T4: Eroding cochlea, petrous apex, carotid canal, jugular foramen, medial wall of middle ear, dura or with >0.5cm soft tissue extension

    Practical application of staging system

    T1: Sleeve resection or lateral temporal bone resection

    T2: Lateral temporal bone resection

    T3: May be suited to lateral temporal bone resection with sacrifice of facial nerve

    T4: Not amenable to lateral temporal bone resection

    Surgical Anatomy

    The lateral 1/3 of the EAC is composed of fibroelastic cartilage and contains the Fissures of Santorini - these communicate with the parotid anteriorly and the soft tissue overlying the mastoid posteriorly. The medial 2/3 of the EAC consists mainly of the tympanic portion of the temporal bone.

    Important relations of the EAC include the tegmen tympani superiorly, mastoid bone posteriorly, styloid process inferiorly, and temporomandibular joint (TMJ) anteriorly (Figures 1 and 2). The foramen of Huschke is a developmental defect in the EAC and may provide a route of communication to the parotid gland and infratemporal fossa. If disease breaches the EAC it can invade several areas including the stylomastoid foramen, carotid canal, jugular foramen, petrotympanic fissure and eustachian tube.

    Lymphatic spread of SCC of the temporal bone occurs in about 10% of patients whilst inflammatory lymphadenopathy occurs more commonly. Tumors of the pinna or EAC can metastasize to preauricular, infra-auricular, parotid, postauricular, or Level 2 nodes. The mucosa of the middle ear and mastoid drain to lymphatics around the eustachian tube which then drain into the deep upper jugular and retropharyngeal lymph nodes. The inner ear has no known lymphatic drainage system.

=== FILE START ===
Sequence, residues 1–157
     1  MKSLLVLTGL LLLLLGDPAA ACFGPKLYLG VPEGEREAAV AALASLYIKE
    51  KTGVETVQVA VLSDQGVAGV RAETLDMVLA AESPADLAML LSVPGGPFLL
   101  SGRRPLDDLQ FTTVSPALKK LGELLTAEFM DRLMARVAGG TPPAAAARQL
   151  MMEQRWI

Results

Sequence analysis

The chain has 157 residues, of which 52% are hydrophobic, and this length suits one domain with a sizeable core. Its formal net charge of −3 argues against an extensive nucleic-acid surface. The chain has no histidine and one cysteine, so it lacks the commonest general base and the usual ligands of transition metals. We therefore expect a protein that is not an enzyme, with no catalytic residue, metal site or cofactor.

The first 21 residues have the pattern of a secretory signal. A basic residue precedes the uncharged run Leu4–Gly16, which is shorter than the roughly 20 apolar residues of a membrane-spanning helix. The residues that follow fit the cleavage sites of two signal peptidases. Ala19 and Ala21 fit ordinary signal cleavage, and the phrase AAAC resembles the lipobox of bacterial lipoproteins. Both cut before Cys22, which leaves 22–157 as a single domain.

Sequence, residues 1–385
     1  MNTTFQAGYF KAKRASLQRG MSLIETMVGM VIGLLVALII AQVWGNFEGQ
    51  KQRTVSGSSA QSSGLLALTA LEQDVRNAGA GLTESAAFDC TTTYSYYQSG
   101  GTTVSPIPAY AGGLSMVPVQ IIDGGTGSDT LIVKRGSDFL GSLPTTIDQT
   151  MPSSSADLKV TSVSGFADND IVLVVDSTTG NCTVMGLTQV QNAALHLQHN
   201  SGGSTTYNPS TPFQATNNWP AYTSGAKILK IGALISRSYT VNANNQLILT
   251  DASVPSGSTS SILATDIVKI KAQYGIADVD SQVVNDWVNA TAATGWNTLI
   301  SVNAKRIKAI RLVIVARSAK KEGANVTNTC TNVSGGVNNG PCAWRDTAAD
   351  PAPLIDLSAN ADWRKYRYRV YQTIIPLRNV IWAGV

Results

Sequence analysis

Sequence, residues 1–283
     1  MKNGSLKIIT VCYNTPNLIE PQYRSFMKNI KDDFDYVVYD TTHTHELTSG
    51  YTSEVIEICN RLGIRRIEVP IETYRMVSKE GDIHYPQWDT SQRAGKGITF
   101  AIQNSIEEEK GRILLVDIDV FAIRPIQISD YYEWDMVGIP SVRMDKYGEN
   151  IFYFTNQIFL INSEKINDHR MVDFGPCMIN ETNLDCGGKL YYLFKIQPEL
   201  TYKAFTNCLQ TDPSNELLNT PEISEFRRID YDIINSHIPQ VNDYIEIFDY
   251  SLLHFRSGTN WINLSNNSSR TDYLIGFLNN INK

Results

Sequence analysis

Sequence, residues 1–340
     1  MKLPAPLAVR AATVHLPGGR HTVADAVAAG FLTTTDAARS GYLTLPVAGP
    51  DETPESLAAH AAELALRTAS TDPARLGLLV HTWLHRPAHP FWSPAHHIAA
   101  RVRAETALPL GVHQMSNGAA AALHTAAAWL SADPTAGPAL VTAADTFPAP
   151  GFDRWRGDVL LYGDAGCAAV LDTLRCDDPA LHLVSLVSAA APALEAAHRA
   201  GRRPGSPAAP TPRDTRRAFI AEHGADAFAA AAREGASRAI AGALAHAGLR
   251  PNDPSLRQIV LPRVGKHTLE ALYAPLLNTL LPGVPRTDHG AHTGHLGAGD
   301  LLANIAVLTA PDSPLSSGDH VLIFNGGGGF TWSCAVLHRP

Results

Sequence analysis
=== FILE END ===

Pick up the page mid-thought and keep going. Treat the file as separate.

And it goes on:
Surgical steps

    Skin incisions


    Figure 1: Lateral view of relations of EAC. TMJ = Temporomandibular joint; S = Styloid; TB = tympanic bone; M = Mastoid; Z = Zygoma


    Figure 2: Inferior view of relations of EAC


    Figure 3: Example of incision for lateral temporal bone resection involving concha/ tragus resection, parotidectomy and selective neck dissection

    • Make a C-shaped postauricular incision (Figure 1)
    • Place it far posterior to the postauricular crease so that the sigmoid sinus can be adequately exposed
    • An adequate margin around the tumor is needed. This typically involves resecting part of the concha and tragus (Figure 3) or the entire pinna
    • The incision can be modified depending on tumor size and location
    • If a neck dissection is planned, the incision is extended into a cervical skin crease